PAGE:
I thought this disease only affects memory. Why is my person having difficulty finding words or recognizing common household items?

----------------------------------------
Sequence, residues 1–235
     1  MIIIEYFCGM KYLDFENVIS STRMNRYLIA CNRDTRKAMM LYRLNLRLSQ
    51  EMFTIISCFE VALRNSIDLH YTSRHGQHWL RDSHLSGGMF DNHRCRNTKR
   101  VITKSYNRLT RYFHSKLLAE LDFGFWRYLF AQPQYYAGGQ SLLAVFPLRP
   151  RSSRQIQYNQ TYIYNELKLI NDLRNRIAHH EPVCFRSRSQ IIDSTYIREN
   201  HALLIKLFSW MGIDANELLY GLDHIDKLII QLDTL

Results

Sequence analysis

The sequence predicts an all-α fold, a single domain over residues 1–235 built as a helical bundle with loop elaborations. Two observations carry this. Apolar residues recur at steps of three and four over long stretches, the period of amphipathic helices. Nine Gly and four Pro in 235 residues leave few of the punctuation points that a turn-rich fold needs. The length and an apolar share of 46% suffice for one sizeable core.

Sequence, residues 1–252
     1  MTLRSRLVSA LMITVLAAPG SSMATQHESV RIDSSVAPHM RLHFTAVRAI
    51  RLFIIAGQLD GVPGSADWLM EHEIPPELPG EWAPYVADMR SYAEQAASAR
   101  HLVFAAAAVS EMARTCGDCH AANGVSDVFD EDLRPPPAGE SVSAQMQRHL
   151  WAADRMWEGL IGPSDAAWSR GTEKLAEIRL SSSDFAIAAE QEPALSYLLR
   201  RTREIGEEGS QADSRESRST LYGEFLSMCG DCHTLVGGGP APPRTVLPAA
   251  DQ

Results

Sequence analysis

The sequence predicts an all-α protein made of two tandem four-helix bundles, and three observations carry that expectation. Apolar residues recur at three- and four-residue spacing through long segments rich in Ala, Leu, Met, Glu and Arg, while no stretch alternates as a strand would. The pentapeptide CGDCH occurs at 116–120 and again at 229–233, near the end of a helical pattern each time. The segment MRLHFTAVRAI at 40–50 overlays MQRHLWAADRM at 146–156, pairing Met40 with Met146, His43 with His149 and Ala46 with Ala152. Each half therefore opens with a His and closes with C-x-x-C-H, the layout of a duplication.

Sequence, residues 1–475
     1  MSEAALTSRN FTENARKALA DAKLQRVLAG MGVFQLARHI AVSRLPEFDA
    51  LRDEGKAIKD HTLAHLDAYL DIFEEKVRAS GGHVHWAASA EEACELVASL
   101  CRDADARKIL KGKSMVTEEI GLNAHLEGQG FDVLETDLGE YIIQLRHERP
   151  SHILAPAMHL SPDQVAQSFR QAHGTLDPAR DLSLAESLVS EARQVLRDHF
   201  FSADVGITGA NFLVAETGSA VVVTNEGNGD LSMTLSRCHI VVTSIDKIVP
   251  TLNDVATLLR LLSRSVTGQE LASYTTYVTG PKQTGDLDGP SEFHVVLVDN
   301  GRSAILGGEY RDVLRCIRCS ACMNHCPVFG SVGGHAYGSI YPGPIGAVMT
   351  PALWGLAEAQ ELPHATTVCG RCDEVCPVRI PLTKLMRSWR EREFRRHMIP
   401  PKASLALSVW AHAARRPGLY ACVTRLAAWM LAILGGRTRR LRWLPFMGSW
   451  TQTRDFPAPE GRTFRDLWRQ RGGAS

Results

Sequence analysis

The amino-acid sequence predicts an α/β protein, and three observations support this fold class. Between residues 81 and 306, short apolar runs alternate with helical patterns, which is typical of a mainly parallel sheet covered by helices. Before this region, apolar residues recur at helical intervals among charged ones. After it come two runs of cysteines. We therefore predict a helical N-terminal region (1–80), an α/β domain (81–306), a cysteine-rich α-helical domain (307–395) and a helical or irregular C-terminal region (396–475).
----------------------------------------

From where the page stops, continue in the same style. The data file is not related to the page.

Alzheimer's disease and related dementias is a global brain disease that begins in the memory centres of the brain. As this disease progresses it can and will affect decision making, sight, perception, mobility, hearing and sound perception, reflexes, language and speech abilities, ability to manage all tasks of daily life, follow a sequence and will affect their attentional abilities. These symptoms will appear gradually and will appear and disappear making it very difficult for the care partner, family and friends to "believe" that the person is suffering from a memory disease. Sometimes the person in front of you will appear "normal" and then some times will have great difficulty in managing. This can happen when we introduce a new task to the individual, take them away from their familiar environment (like when travelling), or when they are in a large group. At these times more support is needed and helping to reassure the person that help is available. Remembering that the brain is actively changing even though there seems to be no pattern or consistency and that the person with the disease is not purposely trying to be difficult. There are many strategies that can be learned and adopted with the help of an Alzheimer's counsellor or though one of our many educational seminars.